We talk much about the politicians but forget about the bureaucracy.

  12. The above points are valid, but Isnt this shoul be a common sense for someone who is in to diplomacy?

    It doesnt take rocket science to understand what has been happening. I seriously think Indian govt can grow some guts.

  13. Col. Shukla - Well thought and written sir. A few others have written abut this in almost exactly the same vein earlier..

    The question is, is anyone listening, and is anyone even thinking of doing whats needed?

  14. Ajai,
    I don't blame the PLA for trying to discover our red lines. It is a reflection on our shameful foreign policy that our enemies think there are none.

    But really, do we have any red lines? ChiPak seem to be able to get away with anything.

  15. Nice article! Thhanks.
    But the question is whether Indian Govt has the balls to go tit-for-tat against China, especially when a Congress Govt is in power. Some of our people and Indian Military may be ready to go for a tit-for-tat against China, but the babus and Ministers who take the decision do not have balls.

    I am very disappointed with our IFS guys. Most of them have neither capability nor credibility, even though many scored high in Indian Civil Service. The reason could be, most of these IFS/IAS/IPS guys come JNU campus, a Commie breeder institute, where one hardly sees any Indian-supporter on the campus. Many of the Indian Ambassadors are left minded, if not China-Lover. One best example is Mr. Badhrakumar, who projects the attack by US is more imminent than the threat by China on our country.

    Also a lot of MEA guys come from Mallu Land, which is also my home. From Krishna Menon to Sivasankar Menon, many of these guys do not have balls to make a strong hard decision on China.

    So it is high time GoI to disband the civil service (I know it is not possible; may be sun will rise on west, but Indian babus will not allow to dismantle the civil service in India). I do not see any benefit for India from the people who come out after getting IAS, IFS, IPS. The main aim of these guys is to enlarge their pockets and the result is high corruption by babus in defense and external affairs departments or any other departments from A to Z.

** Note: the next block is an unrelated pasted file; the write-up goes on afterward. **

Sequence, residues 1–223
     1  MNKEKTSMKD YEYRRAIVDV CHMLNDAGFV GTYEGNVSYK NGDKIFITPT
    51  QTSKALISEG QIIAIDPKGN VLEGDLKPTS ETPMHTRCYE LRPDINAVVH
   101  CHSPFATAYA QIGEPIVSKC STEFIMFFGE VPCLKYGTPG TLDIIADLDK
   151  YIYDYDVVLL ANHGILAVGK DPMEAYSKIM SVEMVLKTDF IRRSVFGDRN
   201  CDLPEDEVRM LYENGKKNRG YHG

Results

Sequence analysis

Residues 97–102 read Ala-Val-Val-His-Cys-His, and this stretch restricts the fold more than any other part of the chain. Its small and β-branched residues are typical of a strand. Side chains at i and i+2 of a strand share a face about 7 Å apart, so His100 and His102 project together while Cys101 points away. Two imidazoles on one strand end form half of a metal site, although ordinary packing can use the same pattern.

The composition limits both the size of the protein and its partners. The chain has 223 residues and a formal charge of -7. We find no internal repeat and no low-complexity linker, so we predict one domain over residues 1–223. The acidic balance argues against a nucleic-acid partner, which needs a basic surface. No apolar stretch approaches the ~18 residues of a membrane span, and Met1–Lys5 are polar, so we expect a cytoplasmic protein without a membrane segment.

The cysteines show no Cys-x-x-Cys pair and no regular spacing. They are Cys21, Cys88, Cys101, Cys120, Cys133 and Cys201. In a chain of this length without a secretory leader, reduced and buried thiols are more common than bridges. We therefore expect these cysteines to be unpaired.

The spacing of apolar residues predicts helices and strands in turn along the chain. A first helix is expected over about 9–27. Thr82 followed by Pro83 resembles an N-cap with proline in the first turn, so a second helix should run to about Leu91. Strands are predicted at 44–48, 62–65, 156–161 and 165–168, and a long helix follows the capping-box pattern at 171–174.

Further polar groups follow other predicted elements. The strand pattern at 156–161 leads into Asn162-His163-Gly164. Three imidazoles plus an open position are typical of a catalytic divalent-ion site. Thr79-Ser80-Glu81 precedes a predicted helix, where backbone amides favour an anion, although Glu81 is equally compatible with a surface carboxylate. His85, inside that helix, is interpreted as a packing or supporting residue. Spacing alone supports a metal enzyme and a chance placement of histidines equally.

16. India theoretically does not have any border problem with Red Dragon China, because all that Indian border is practically with Tibet, and Tibet is theoretically not a part of China.

    Similarly Kashmir and Tibet can be equated only in one term that Chinese are intruders in Tibet and Paki are intruders in Kashmir notwithstanding that Pak is an ad-hoc and temporary arrangement.

  17. @NotAnAnon: I wish we had somebody like you to draft FP vis-a-vis PRC. Empty rhetoric by India in support of Tibet is nothing but bluffing. India has to add muscle to its talks with PRC. I would like to make a distinction here, we should not call PRC as China in general. It is akin to calling Soviet Union as Russia. Hence every effort should be made to correctly refer to the communist state as PRC "Peoples Republic of China". People should know there is another Democratic China called Taiwan.

  18. Col. Shukla, your article is well researched and though-provoking. It concisely defines the Tibetan issue and its complexities affecting the relations amongst all the protagonists.

    Although, Indian govt's track record in dealing with Chinese diplomatic and tactical actions has been reactive and apparently short-sighted. However, I think China realises that India has the only trump card in the game i.e. it is host to Tibetan govt-in-exile. Whoever had the brain-wave in Indian govt to influence Nehru to overlook the Panchsheel treaty of 1954 and agree to Tibetan govt's appeal in 1959 to give them refuge, was very far-sighted/Chanakiyan/Sun Tsu. It is far easier for India to antagonise PRC by boosting Tibetan issue and play to China's insecurities on multiple levels - ethnic, geographic integrity, global diplomacy, cultural and political. The proof of it is how aggressively PRC reacts to even the most minor transgressions in their opinion. However, that does not give license to Indian govt to squander their advantage as PRC is attempting all tricks in the books and then some more to blunt this advantage e.g. hacking Gmail to get intelligence into Tibetan govt. It will be criminal of the Indian govt to ricochet their way to a strategic policy on PRC based on reactions to PRC's strategic jabs & tactical pokes.
    Thanks for your stimulating article.

  19. Utopia by other names such as Tibet when we cannot stand up to Chinese shooing us off from Demchok!!

  20. Ajai sir

    It has been Chinese practise to bully its neighbors into accepting its dominance. You are right that Xinjiang is not an issue anymore for China since its got land issues with Central Asian countries sorted out. Recently it acquired over 1000 of area in a deal with Tajikistan, that effectively gives CXhina the leverage to bully seperatist forces in Xinjiang.

    Its facing the only problem with India and because India is home to the HH The Dalai Lama, Tibetan Govt-in-Exile and the largest population of Tibetans outside Tibet.

    China is creating problems for India to subdue us into accepting its point, wherein the entire Tibet, Arunachal Pradesh, nortjhern Himachal Pradesh, Aksai Chin and upper reaches of Uttarakhand is Chinese territory and accepting that rest of J&K is part of Pakistan, its gateway to the oil rich gulf.


  21. India needs to stand up and look for steps that will similarly create irritations for China and force it accepting Indias point.

    China it seems is happy maintaining status cuo on the border and continue to prick India. How India does it depends on how is the approach, like using carrot and stick policy or any other.